Classroom Interpreting

Deaf Education Teachers - Help ensure that the interpreter is using a language level that is appropriate for the child’s level and the classroom material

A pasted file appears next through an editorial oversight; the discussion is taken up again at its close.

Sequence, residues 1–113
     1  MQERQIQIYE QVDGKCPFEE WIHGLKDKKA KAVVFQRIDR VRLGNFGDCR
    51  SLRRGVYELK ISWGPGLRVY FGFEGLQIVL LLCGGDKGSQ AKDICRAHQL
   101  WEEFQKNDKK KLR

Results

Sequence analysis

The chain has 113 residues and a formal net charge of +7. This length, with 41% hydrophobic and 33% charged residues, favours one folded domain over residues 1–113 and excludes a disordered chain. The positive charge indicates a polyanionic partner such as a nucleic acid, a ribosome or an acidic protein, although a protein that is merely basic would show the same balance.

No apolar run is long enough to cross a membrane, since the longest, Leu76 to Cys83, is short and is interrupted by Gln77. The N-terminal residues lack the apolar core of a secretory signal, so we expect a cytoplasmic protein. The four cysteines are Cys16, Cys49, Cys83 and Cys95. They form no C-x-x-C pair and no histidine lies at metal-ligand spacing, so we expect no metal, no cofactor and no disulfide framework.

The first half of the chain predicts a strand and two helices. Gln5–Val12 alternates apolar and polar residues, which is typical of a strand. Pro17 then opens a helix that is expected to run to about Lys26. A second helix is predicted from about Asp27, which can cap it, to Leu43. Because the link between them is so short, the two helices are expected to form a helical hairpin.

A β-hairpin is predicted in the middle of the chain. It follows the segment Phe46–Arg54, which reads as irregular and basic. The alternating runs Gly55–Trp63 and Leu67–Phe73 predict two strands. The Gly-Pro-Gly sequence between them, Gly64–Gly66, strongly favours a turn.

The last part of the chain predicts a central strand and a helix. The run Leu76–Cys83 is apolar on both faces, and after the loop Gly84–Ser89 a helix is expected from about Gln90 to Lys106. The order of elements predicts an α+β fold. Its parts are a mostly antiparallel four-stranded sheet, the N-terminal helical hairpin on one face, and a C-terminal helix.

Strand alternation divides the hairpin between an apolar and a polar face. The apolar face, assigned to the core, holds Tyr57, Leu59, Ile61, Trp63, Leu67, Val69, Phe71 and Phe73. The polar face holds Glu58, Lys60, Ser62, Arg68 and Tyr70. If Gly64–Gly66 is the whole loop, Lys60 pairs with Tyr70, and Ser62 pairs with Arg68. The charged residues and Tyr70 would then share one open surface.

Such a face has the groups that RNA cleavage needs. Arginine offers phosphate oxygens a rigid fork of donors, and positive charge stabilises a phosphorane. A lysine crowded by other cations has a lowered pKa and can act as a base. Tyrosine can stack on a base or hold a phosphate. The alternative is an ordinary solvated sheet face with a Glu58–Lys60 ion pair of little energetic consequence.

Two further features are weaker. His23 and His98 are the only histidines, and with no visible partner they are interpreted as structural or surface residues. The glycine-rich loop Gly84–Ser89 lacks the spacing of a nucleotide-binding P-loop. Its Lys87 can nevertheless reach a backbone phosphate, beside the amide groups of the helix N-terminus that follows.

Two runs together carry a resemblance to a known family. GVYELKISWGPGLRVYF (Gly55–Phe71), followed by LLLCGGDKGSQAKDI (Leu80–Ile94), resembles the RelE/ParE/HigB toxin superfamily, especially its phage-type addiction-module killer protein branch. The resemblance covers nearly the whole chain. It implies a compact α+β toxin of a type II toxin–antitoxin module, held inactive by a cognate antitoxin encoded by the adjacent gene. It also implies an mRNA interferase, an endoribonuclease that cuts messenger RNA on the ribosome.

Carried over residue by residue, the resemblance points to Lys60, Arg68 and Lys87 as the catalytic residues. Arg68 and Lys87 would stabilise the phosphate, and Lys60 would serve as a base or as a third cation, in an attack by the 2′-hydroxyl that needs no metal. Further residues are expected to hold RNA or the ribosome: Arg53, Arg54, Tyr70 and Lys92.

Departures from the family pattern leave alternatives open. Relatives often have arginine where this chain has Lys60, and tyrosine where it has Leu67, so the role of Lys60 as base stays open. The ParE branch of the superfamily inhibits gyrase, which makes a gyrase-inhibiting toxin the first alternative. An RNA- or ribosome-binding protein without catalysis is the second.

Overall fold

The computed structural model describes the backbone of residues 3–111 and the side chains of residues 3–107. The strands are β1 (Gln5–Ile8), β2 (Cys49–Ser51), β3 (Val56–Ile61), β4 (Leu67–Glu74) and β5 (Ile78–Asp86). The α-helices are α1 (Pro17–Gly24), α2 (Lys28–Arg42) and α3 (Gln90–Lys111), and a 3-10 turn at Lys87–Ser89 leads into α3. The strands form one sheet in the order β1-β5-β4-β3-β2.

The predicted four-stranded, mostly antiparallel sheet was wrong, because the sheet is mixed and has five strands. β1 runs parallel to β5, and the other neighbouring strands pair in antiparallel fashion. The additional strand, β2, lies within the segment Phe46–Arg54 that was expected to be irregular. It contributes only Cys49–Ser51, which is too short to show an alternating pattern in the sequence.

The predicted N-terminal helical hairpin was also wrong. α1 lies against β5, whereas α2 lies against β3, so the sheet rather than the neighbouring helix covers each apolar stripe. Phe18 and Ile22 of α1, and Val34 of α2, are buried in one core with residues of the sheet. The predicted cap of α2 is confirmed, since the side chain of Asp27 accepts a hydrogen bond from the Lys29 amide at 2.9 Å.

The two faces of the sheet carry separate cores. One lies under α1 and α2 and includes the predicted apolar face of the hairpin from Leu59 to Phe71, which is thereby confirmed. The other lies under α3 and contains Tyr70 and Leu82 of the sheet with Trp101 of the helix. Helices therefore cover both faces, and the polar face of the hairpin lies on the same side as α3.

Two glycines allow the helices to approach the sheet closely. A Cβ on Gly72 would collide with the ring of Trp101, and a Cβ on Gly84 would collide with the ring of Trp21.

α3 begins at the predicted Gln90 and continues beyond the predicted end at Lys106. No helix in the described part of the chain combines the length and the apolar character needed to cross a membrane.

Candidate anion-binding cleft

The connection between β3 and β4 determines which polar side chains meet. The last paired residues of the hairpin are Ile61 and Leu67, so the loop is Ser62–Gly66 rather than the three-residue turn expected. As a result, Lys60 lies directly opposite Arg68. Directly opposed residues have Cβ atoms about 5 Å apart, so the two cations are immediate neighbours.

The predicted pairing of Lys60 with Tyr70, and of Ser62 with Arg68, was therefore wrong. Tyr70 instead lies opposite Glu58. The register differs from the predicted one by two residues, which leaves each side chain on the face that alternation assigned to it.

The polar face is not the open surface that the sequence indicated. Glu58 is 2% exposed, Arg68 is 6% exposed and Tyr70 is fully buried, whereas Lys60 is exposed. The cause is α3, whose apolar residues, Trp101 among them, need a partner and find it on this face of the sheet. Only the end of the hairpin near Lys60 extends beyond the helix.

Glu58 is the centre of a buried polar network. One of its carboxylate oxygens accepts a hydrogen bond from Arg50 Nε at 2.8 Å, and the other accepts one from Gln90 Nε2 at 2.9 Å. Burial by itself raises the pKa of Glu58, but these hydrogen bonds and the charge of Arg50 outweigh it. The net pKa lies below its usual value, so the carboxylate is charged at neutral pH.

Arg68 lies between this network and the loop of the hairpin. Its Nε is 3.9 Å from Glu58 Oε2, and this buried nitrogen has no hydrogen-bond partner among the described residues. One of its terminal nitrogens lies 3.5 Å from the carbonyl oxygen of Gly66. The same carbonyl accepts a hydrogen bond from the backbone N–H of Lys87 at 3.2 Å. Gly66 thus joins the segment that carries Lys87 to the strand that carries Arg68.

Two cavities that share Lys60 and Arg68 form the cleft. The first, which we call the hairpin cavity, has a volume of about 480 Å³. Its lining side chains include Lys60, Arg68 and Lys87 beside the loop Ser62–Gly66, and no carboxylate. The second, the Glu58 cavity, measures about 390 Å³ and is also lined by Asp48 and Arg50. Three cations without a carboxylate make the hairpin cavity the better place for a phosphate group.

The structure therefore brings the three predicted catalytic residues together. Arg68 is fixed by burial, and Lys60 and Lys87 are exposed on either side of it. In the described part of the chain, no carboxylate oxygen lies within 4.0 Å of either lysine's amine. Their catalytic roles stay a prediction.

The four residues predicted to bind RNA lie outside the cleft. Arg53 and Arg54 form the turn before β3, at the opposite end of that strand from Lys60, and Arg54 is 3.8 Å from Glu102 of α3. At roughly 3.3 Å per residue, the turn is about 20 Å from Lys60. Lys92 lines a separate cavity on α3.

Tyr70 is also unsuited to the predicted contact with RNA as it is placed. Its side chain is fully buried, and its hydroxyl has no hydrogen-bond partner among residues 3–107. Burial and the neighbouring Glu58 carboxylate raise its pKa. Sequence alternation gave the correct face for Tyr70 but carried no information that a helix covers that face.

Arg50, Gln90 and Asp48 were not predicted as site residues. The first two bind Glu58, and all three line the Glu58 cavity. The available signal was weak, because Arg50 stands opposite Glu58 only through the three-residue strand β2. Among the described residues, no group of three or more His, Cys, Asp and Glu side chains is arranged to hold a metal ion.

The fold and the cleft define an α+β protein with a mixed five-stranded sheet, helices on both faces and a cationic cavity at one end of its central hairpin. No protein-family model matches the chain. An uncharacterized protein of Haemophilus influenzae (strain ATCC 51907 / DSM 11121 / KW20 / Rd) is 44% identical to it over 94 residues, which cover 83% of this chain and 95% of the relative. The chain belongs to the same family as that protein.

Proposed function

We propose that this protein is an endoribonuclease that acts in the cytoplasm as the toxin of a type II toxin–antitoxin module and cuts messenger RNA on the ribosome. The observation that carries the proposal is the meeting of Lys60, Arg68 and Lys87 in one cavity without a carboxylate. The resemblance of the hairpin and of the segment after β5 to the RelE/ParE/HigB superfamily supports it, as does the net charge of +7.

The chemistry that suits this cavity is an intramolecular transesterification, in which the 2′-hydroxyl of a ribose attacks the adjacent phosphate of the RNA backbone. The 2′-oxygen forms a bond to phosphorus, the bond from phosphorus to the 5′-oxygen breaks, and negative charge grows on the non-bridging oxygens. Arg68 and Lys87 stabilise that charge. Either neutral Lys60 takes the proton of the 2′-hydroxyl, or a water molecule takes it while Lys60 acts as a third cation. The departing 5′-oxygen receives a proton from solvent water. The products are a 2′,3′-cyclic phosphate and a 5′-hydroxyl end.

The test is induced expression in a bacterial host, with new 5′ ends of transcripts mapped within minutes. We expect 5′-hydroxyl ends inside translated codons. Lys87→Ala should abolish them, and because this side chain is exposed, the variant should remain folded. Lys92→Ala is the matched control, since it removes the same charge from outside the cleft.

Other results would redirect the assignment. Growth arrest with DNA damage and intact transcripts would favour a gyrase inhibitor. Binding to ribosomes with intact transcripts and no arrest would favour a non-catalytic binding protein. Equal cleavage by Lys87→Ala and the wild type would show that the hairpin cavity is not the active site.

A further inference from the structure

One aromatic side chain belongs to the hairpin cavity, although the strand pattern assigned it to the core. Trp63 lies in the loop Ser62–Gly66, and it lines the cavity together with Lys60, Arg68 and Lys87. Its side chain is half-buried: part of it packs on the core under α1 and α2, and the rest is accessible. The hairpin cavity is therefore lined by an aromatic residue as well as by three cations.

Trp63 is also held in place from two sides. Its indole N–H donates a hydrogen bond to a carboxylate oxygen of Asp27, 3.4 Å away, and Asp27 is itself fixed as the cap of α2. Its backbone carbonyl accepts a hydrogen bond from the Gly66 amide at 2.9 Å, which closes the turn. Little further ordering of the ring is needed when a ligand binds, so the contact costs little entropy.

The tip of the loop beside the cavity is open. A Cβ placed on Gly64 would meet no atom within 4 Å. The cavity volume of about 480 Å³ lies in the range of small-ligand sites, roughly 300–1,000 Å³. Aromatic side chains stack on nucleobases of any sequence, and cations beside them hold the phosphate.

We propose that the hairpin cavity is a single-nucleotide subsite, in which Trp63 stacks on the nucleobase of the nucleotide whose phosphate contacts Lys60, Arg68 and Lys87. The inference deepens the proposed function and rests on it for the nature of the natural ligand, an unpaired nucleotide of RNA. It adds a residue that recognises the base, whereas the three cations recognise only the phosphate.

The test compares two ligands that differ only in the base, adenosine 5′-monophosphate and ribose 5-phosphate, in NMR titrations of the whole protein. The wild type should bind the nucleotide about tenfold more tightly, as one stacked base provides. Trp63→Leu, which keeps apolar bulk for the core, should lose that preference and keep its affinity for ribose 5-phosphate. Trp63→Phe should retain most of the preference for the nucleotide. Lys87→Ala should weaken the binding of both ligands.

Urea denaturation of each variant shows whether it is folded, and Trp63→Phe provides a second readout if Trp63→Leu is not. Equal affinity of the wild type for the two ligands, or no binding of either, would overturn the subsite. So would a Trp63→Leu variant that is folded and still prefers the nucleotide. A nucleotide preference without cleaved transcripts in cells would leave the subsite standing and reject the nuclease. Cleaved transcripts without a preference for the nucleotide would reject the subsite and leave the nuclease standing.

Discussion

All professionals adapt their speech, language, and vocabulary to accommodate their students. For many of us, these changes are natural and we don’t need extra instruction. But the classroom interpreter may have different beliefs about how much he/she she needs to accommodate students with hearing loss. It is possible to accommodate too much – making the language and the content too simple – or not to accommodate enough – not changing the language enough for a child who does not have age-appropriate language skills. The deaf educator can help the educational interpreter adjust his/her interpreting to match the needs and skills of the student. A deaf adult who is fluent may also be able to help interpreters adapt their signing style for younger learners. Teachers and parents speak differently to young children and we should expect similar changes in signing styles.